MAXI (Monitor of All-sky X-ray Image),
MISSE-7 (Materials International Space Station Experiment - 7),
Mouse Immunology-2 (Effect of Space Flight on Innate Immunity to Respiratory Viral Infections),
Myco-2 (Mycological Evaluation of Crew Exposure to ISS Ambient Air - 2),
NanoRacks-CubeLabs Module-10 (NanoRacks-CubeLabs_Module-10),
NanoRacks-CubeLabs Module-1 and -3 (NanoRacks-CubeLabs Module-1 and -3),
NanoRacks-CubeLabs Module-9 (NanoRacks-CubeLabs Module-9),
Neurospat (Effect of Gravitational Context on EEG Dynamics: A Study of Spatial Cognition, Novelty Processing and Sensorimotor Integration),
NLP-Cells-6 (National Laboratory Pathfinder - Cells - 6: Jatropha - 3),
NLP-Vaccine-MRSA (National Laboratory Pathfinder - Vaccine - Methicillin-resistant Staphylococcus aureus),
Nutrition (Nutritional Status Assessment),
Otolith (Otolith Assessment During Postflight Re-adaptation),
PACE (Preliminary Advanced Colloids Experiment: 100X Oil Test Target),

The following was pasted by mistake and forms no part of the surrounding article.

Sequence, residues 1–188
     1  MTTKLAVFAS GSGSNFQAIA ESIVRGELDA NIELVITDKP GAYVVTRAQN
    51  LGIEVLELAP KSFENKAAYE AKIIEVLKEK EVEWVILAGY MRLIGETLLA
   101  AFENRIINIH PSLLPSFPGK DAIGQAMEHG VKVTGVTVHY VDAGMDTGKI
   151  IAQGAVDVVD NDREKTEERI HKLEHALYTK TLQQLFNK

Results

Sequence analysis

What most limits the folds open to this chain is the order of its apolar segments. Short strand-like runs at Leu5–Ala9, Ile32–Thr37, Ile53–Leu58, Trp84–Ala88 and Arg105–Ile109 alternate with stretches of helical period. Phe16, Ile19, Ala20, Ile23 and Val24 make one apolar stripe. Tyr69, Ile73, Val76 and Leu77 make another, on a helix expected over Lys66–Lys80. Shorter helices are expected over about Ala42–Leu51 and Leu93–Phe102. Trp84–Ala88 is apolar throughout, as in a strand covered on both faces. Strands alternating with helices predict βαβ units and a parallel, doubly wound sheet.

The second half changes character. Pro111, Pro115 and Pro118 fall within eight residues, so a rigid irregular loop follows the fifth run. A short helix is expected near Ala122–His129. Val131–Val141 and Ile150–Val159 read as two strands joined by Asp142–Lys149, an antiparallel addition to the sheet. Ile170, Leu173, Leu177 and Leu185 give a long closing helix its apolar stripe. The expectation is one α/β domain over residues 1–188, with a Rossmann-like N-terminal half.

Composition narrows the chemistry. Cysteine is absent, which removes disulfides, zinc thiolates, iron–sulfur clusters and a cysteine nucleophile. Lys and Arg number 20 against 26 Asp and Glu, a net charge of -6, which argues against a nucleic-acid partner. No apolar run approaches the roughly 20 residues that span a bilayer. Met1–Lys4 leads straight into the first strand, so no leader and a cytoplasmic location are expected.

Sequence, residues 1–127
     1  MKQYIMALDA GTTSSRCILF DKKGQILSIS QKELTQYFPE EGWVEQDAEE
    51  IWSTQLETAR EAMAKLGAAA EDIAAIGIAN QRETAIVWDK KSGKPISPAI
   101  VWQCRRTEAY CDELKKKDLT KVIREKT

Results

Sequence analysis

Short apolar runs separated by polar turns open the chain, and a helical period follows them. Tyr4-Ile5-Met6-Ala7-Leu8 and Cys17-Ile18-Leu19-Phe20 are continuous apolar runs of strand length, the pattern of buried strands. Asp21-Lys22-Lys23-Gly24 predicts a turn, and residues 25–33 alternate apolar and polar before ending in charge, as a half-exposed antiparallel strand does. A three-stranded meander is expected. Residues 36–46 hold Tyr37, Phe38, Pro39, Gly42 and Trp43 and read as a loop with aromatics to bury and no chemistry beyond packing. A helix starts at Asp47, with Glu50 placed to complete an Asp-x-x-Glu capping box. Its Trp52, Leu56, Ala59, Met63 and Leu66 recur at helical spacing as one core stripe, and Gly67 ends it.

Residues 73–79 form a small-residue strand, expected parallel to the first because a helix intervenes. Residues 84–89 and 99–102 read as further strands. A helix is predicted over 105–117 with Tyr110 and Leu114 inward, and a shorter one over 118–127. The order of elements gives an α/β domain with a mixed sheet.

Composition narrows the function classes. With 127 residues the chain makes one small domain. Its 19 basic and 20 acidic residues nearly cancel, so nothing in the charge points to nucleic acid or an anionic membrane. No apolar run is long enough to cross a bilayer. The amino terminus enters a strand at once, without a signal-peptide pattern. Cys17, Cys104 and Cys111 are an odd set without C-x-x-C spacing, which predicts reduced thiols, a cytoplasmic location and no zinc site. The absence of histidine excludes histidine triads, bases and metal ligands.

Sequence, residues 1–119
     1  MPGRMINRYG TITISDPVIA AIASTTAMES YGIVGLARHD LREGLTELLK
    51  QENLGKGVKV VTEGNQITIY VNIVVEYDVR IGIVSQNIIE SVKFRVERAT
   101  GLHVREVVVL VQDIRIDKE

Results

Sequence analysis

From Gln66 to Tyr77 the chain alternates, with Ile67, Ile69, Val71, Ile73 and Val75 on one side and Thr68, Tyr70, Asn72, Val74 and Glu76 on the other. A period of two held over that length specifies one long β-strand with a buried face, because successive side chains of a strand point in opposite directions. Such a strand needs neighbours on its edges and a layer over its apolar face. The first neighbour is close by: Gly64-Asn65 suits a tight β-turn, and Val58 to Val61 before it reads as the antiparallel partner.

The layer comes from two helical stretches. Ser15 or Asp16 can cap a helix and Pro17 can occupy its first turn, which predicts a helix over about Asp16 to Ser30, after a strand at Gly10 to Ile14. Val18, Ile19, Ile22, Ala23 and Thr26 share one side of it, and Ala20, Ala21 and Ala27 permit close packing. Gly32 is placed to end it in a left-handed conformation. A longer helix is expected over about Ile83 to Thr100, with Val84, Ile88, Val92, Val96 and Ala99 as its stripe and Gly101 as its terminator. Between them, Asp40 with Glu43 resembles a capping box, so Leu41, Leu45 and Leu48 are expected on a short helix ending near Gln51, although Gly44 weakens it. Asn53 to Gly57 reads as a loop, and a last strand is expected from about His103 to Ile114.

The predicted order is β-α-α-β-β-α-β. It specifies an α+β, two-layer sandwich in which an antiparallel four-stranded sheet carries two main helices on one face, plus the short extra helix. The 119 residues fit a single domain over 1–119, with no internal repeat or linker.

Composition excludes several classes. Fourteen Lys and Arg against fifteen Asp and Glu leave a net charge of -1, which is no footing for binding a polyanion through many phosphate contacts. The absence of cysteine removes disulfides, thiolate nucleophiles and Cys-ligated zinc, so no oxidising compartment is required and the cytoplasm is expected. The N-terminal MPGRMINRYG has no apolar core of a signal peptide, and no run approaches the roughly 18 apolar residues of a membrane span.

PACE-LMM-Bio (Preliminary Advanced Colloids Experiment - Light Microscopy Module: Biological Samples),
PADIAC (PAthway DIfferent ACtivators),
Passages (Scaling Body-Related Actions in the Absence of Gravity),
Photosynth (PhotosynthTM Three-Dimensional Modeling of ISS Interior and Exterior),
Pilot (Individual Characteristics of Psychophysiological Regulatory Status and Reliaility of Professional Activities of Cosmonauts in Long Duration Space Flight),
Plasma Crystal (Dusty and Liquid Plasma Crystals in Conditions of Microgravity),
Pro K (Dietary Intake Can Predict and Protect Against Changes in Bone Metabolism during Spaceflight and Recovery),
Radioskaf (Creation of Preparation and Launch in the Prcess of Mini -Satellites),